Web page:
Past legislations that offered amnesty to illegal immigrants in the year 1994 and further extension of such amnesty can for example be interpreted to send a wrong message that illegal immigrants in the United States of America can be protected rather that be prosecuted for getting into the country illegally.

There have also been provisions that selectively allow individuals, bases on specified factors such as geographical and humanitarian, to freely move into the United States and be accorded permanent residence. This has also offered a loop hole into immigration as the provisions can be used by any individual to gain entry into the United States.

The fact that the American constitution has been interpreted by the supreme court for the government’s responsibility to protect and be responsible for any individual who is within the nation’s boarders thus adds to the need that an avenue needs to instituted to ensure that the level of immigration is curtailed. This provision is for instance realized in the fact that once immigrants are in the United States of America, they are subject to government services that include federal funding at higher education levels.

Services that are provided in academic institutions have also been greatly liberalized in many states to allow for equal treatment for both legal citizens and illegal immigrants. The economic attachment that are again realized with respect to these provisions thus forces the need to stop the immigration before the immigrants gain access into the nation.

According to Nilsson, immigration is characterized by a wide variety of setbacks that calls for its regulation. Immigration is characterized by population increase in the regions in which the immigrants settle. This has the direct impact of straining resources that are in most cases scarce. Natural factors such as land and other economic resources that can not be reproduced are thus subjected to faster depletion due to increased population.

Increased demand for commodities which leads to scarcity also forces prices up thus contributing to higher costs of living. Increased population which leads to increased utilization of land for housing also restrains other economic activities for which the land could have been used. Agricultural activities as well as industrial investments may thus be compromised in order to offer land for accommodation.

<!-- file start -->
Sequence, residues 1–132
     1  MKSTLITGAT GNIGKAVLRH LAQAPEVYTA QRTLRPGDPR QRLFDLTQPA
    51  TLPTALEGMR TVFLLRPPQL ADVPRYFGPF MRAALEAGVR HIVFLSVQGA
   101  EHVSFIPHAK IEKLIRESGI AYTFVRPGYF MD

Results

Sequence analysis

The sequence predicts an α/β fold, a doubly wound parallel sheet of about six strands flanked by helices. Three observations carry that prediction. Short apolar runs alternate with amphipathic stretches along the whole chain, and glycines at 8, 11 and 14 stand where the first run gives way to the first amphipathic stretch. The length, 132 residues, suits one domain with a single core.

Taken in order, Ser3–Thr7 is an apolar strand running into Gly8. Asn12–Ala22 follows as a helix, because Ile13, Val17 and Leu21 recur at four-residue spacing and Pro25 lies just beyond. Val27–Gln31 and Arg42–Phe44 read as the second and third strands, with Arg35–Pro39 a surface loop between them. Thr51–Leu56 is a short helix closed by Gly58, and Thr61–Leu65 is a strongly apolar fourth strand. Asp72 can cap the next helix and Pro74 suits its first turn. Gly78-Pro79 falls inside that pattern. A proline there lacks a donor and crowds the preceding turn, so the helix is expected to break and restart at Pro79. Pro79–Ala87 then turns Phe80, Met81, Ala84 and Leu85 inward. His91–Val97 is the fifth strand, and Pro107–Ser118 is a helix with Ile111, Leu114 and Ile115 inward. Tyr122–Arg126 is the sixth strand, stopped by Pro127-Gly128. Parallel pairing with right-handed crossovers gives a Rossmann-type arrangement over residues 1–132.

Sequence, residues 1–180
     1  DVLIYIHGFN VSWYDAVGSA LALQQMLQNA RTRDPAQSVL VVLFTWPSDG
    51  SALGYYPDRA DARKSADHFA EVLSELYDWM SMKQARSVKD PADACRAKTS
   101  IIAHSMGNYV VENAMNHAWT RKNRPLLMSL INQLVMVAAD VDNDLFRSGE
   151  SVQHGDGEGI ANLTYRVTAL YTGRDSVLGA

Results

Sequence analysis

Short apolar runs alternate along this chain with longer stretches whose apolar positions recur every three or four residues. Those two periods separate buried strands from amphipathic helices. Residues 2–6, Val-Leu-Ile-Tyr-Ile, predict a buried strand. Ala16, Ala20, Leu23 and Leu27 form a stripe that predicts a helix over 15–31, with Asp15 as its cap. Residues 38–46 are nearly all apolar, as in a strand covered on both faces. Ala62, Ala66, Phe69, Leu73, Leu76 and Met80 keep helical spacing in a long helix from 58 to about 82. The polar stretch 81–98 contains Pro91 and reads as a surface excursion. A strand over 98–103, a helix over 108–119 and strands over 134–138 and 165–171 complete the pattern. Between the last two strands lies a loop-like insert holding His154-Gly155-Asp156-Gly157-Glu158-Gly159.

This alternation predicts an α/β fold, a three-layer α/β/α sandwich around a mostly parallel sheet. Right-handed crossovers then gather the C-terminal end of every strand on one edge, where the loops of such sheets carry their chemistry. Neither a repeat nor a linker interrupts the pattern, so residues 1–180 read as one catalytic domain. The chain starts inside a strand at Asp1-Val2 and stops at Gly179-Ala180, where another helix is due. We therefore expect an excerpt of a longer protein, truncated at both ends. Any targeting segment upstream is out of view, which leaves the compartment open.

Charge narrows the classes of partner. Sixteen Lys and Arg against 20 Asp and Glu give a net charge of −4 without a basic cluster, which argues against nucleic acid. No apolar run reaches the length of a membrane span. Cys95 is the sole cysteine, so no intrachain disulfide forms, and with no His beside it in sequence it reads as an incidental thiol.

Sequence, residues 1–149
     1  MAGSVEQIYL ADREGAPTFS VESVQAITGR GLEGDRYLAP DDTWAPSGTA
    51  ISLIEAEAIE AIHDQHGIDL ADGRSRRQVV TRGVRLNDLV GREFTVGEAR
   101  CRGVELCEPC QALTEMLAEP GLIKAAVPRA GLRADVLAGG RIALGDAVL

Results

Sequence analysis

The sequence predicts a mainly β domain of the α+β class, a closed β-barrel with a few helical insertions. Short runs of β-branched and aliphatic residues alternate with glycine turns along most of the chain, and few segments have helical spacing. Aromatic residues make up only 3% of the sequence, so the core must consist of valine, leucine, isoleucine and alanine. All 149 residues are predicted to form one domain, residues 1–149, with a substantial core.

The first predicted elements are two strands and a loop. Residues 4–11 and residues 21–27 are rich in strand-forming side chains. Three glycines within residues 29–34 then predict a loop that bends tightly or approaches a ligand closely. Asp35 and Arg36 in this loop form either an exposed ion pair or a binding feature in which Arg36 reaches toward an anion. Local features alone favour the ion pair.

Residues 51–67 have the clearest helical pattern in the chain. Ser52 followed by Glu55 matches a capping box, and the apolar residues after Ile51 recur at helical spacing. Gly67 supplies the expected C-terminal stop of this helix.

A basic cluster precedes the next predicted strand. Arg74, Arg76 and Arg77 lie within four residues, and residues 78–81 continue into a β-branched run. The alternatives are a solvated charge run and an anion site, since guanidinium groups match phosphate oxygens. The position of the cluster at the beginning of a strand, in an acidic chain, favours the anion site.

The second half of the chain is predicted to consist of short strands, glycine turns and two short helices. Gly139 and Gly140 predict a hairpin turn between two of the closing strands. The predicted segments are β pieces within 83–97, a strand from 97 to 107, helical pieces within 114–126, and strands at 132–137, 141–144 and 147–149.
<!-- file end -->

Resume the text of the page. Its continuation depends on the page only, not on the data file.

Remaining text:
Another impact of immigration especially in cases where governments are charged with the responsibility over the immigrants is the inefficiency in service provisions due to scarcity of resources relative to demand. High population can significantly overstretch provisions such as transportation, education, health care and other essentials such as water and power. This leads to poor standards of living that can be transmitted to legal citizens who are living in the same region.

Allowing illegal immigrants to settle in a country to the disadvantage of the country’s citizen thus strains the relationship between governments and their citizens over the responsibilities of the governments to safeguard the well being of its citizens. Scarcity of resources that has been evidenced by unemployment rates and budget deficits thus leaves governments with the only option controlling immigration (Nilsson 1).

Arguments for immigration

There are however some arguments that have associated immigration with economic success in nations such as the United States of America. It is also claimed that immigration can be a key to achieving key interests in America in the twenty first century. Such opinions suggest that immigration helps host countries in coping with economic challenges as well as enriching the host countries in terms of diversity (Meissner, Meyers, Papademetriou and Fix 13).

Conclusion

Immigration is characterized with a number of impacts on the citizens and even governments of host counties. Impacts such as increased unemployment rates, reduced wages and strained social facilities that are reflected in the countries’ economies outweighs the claimed benefits of immigration especially due to the current global economic crisis. Strict measures should thus be taken to control illegal immigration.

Works Cited

Meissner, Doris., Meyers, Deborah., Papademetriou, Demetrios and Fix, Michael. Immigration and America’s future. Migration Policy Institute, 2006. Web. July 1, 2011.

Nilsson, Tomas. Negative economic impacts of immigration and population growth. Tasmanian Branch of Sustainable Population Australia, 2005. Web. July 1, 2011.

Sari, Kerr and Kerr, William. Economic Impacts of Immigration: A Survey. Harvard Business School, 2011. Web. July 1, 2011.